They Shall Not Grow Old
Directed by Peter Jackson
Produced by Clare Olssen and Peter Jackson
Running time 99 minutes
In 2015 Peter Jackson was asked by Great Britain’s Imperial War Museums and 14-18 NOW (the UK’s arts program for the First World War centenary), in association with the BBC, to create a documentary commemorating Great Britain’s role in WW1. It was to be based on 100 hours of original film footage of British Expeditionary Force soldiers serving in France and Belgium and 600 hours of the recorded interviews of some 200 veterans of the war made by the BBC in the 1960s and 70s. They Shall Not Grow Old is the result. The film was released in Great Britain in October. There was a limited release in the U.S. in December with a much wider release on February 1. On February 2 Joyce and I saw the 3D version of the film at the AMC cinema in Chesterfield, Missouri.
Beyond my general interest in history, I had a special reason for seeing this ground-breaking documentary. For some time I have been writing a novel set in the trenches of Flanders in 1914. My research for the novel made me painfully aware of my own ignorance about World War 1, an ignorance that is all too widespread in America. Just go into any Barnes and Noble and you will find rows and rows of books about the Civil War and WW2, but only a handful of volumes on The Great War. I believe there are several reasons for this.
In part it no doubt reflects the sheer size, scope, and drama of the Second World War. Unlike its predecessor, World War 2 truly did directly involve every quadrant of the globe, the first truly “world” war, overwhelming the military history of the 20th Century. But I think the primary reason is that unlike the Civil War and World War 2, America was both quite late entering World War 1 and relegated to an important but supporting role when we final did get in. The war had dragged on for well over three years before any American “dough boys” saw combat. When the first American combat death was recorded on November 2, 1917, 76% of WW 1 had already been fought and millions had already died. By war’s end, America’s armed forces suffered 53,402 combat deaths—just a few more than our K.I.A. total in Vietnam. (Higher totals that you may encounter include those who died from disease and accidents.) Yet the combat death toll for all the armies and navies involved in the Great War was a staggering 8.5 million. Only a little over half a percent of that total were Americans. By way of comparison, Great Britain once lost 20,000 men in just one day: July 1, 1916, the first day of the Battle of the Somme! Among just the Allies, America’s dead represented barely 1%. And this says nothing of the massive civilian casualties suffered by the nations of Europe. France alone had over 40,000 civilians directly killed in combat.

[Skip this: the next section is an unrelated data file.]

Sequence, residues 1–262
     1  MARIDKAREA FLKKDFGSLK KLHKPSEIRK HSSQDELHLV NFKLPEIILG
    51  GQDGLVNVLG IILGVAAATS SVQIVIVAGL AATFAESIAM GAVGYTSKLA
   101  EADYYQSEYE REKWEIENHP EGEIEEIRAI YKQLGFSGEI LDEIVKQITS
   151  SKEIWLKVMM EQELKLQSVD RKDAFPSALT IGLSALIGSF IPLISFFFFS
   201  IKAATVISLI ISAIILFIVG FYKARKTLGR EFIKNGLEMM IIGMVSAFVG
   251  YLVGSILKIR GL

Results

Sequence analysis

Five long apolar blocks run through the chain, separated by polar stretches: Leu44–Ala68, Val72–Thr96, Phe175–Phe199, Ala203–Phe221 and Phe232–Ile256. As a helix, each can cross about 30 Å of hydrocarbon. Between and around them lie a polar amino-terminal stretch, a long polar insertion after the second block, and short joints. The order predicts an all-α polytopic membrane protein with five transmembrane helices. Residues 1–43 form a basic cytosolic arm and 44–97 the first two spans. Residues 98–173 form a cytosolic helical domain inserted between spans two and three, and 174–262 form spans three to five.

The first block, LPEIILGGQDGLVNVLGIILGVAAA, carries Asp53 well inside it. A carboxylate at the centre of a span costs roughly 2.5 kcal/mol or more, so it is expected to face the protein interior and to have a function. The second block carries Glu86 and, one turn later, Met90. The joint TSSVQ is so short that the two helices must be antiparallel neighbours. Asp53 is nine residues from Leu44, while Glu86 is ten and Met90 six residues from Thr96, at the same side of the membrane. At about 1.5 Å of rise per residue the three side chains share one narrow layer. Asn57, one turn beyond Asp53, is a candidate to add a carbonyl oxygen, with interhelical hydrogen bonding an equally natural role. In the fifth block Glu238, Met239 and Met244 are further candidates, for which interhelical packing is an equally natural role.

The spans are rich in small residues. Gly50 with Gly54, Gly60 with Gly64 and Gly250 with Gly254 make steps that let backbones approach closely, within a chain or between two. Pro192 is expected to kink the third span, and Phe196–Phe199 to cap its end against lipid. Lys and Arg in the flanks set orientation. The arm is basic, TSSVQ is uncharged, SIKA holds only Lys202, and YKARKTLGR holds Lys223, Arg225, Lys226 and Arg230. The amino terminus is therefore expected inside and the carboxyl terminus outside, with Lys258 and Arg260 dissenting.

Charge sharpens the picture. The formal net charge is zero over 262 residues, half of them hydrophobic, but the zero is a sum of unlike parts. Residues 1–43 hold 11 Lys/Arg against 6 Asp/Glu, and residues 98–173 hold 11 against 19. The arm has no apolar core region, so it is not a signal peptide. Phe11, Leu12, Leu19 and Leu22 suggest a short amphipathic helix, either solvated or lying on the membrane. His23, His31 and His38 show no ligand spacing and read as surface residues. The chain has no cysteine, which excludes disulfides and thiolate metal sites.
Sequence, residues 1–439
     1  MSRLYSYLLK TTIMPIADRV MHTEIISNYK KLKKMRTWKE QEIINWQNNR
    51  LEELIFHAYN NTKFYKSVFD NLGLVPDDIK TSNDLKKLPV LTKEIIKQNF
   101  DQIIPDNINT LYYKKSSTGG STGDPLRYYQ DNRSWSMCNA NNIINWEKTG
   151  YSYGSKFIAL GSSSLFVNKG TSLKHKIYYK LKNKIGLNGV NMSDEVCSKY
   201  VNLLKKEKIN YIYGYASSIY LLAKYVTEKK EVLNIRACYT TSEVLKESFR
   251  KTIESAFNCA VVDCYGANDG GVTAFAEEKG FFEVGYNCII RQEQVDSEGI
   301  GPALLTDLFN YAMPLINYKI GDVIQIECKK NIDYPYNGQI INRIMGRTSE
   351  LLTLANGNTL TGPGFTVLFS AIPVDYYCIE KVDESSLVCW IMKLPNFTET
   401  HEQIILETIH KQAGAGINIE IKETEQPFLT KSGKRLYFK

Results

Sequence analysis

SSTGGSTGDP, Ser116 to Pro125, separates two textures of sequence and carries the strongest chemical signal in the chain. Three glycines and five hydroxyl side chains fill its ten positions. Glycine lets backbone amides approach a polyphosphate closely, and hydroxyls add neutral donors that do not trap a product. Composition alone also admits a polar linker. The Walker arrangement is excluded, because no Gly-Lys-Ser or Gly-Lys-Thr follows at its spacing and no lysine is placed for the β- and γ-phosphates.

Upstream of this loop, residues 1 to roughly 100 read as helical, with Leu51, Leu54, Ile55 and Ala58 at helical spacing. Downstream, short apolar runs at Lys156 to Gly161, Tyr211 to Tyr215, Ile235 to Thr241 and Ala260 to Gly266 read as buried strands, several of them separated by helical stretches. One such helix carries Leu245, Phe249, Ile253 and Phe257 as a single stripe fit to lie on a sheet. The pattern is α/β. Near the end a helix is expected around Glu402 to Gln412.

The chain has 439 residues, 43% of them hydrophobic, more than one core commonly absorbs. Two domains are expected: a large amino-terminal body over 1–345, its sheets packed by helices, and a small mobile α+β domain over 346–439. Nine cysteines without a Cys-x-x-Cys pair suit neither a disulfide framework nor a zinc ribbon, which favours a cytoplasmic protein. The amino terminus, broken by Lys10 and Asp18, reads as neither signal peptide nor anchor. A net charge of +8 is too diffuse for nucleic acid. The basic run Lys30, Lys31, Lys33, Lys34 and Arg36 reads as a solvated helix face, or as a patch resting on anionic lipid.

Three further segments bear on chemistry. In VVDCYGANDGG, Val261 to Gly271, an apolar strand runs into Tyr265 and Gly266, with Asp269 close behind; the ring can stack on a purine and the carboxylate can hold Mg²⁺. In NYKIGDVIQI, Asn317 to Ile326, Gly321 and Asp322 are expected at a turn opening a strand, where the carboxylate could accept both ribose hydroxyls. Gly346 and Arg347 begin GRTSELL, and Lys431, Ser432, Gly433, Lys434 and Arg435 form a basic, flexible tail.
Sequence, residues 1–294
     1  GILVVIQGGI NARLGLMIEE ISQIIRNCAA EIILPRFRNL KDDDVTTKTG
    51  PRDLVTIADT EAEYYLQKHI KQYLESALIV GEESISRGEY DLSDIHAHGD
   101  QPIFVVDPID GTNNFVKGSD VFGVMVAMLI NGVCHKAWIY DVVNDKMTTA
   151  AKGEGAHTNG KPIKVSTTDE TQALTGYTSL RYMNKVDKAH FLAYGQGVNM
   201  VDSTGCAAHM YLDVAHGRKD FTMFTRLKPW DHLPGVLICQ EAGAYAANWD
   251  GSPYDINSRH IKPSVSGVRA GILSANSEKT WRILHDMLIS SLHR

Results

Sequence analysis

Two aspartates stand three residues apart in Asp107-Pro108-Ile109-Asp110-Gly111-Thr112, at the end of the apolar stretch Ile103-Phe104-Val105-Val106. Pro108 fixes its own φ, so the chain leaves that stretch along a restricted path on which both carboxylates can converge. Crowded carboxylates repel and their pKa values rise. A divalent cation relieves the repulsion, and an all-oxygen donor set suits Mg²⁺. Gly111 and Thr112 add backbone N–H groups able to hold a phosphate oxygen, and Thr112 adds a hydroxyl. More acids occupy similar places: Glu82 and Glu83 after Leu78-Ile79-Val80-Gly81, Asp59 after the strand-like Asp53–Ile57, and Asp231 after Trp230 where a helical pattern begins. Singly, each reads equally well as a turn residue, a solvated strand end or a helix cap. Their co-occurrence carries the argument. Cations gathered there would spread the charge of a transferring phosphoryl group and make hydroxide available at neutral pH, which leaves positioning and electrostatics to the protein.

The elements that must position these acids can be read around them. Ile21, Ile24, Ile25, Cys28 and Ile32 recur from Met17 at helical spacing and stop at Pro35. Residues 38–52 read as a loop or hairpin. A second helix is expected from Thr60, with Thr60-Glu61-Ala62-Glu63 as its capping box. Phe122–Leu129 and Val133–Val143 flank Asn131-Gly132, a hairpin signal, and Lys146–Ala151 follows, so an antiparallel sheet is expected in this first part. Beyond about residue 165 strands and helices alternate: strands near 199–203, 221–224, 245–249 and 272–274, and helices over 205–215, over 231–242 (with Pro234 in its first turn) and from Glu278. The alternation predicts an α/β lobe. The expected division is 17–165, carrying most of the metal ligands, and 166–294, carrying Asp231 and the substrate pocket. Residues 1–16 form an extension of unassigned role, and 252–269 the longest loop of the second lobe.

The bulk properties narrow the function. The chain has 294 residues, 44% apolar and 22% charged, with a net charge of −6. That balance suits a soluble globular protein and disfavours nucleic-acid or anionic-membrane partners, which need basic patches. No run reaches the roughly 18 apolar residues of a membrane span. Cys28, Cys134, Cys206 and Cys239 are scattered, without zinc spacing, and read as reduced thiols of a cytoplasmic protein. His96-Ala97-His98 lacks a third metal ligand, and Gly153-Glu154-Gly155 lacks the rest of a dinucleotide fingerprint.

Perhaps equally telling, when it comes to those killed and wounded as a percentage of the total population, far fewer American families were personally touched by World War 1 than was true of World War 2, or even more so, the Civil War. So the stories of WW1 were not woven into the fabric of American family folklore in the same way as the stories of those other great conflicts. Over 155 years after the Battle of Gettysburg, American households still have after dinner debates about whether General Meade’s failure to aggressively pursue Lee’s Army of Northern Virginia prolonged the war. The relative strengths and weaknesses of generals like Patton and MacArthur will still spark lively arguments.